Stabbing synth blasts merge with grinding guitar work on "The Calling", and Dominici's tender side come out on the proggy "The Real Life", a gentle piece supported by Rigoldi's keyboard textures. If you like balls to the wall metal, there's plenty of that on 'The Cop", complete with a snarling vocal and rapid fire drum fills from Yan Maillard, and the closing "A New Hope" is chops, chops, and more chops, with Brian Maillard's guitar and Erik Atzeni's bass running circles around each other, yet the song is still highly melodic and epic sounding.

Honestly, O3 A Trilogy-Part 2 is better than I ever thought it would be, and will surprise a lot of people. Charlie Dominici can still sing the progressive metal stuff, and he's got an interesting story to convey here as well as a sick band with him to help spread the word. Fans of heavy, complex prog-metal should eat this up, and eagerly anticipate part three.


Track Listing
1) The Monster (8:28)
2) Nowhere to Hide (5:06)
3) Captured (4:16)
4) Greed, the Evil Seed (7:27)
5) School of Pain (7:23)
6) The Calling (6:40)
7) The Real Life (3:28)
8) The Cop (4:49)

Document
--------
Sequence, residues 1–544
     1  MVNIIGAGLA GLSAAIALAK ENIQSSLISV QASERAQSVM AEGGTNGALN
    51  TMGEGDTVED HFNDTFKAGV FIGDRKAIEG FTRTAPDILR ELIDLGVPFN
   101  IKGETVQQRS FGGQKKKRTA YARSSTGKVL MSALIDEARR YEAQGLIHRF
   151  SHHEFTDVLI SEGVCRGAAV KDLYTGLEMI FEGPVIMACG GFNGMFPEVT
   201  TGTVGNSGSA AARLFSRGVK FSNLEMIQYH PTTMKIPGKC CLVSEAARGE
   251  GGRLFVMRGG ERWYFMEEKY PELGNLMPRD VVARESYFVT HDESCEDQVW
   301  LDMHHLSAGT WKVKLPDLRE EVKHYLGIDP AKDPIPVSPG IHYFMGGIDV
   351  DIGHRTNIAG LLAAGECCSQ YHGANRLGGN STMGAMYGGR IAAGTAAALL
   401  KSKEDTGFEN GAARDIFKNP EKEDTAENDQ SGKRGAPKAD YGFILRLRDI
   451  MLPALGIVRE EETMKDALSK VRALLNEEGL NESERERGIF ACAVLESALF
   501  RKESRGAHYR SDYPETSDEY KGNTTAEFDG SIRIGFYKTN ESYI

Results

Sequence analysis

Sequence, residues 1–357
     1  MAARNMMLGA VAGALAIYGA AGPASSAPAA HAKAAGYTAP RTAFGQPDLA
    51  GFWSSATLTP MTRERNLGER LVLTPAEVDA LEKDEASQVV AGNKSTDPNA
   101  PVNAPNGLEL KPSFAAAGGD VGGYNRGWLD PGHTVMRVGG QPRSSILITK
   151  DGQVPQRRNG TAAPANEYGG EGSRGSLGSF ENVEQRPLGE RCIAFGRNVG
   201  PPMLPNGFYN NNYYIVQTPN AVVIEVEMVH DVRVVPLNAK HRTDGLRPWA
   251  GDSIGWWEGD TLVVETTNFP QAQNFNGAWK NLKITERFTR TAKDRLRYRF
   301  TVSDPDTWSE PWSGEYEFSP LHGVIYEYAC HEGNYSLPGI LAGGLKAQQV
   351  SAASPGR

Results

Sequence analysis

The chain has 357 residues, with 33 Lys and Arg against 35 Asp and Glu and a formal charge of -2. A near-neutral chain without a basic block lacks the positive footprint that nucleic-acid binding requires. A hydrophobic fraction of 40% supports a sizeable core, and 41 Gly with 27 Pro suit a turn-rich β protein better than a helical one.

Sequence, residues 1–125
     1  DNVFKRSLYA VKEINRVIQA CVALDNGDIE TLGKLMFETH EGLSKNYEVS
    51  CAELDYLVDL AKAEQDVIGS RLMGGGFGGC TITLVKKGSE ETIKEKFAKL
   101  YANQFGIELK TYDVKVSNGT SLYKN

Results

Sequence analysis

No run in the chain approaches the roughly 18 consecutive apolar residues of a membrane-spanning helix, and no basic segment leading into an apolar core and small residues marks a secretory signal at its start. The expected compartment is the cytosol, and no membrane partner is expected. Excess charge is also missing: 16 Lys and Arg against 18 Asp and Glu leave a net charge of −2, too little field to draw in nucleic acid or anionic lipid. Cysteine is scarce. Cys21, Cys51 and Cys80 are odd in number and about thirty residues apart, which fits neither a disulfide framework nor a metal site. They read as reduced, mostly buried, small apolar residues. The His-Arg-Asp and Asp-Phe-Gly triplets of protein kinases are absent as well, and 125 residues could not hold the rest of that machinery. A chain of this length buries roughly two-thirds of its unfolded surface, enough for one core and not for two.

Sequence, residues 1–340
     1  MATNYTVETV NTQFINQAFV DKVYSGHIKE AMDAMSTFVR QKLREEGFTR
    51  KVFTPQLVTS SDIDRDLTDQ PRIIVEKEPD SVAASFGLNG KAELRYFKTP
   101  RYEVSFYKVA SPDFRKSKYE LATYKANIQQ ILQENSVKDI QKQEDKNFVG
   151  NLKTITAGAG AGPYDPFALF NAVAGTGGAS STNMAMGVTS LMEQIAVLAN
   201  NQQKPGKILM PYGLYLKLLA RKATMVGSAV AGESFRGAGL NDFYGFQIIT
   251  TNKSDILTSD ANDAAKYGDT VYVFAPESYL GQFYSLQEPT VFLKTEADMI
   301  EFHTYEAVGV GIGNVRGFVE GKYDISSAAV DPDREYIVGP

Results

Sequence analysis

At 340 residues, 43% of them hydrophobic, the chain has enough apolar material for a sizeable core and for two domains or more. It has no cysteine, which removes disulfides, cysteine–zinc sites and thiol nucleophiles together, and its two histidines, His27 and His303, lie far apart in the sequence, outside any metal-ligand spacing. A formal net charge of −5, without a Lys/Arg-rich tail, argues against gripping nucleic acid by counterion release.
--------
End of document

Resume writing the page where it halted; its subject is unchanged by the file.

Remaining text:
9) A New Hope (6:53)

Added: May 13th 2007
Reviewer: Pete Pardo
Score:
Related Link: Dominici Website
Hits: 2992
Language: english

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» SoT Staff Roundtable Reviews:

Dominici: O3 A Trilogy-Part 2
Posted by Murat Batmaz, SoT Staff Writer on 2007-05-13 12:36:26
My Score:

The name Charlie Dominici is familiar virtually to any prog metal fans, as he was the original voice of Dream Theater, singing on their debut album before calling it quits and taking a long break from his recording career. He returned to the fold for the 15th anniversary of When Dream and Day Unite in 2004, and then released the first part of his concept trilogy, which was predominantly a laidback acoustic album. It baffled and impressed fans at the same time, but Charlie Dominici had already announced that the follow-up would be a heavier record and here it is.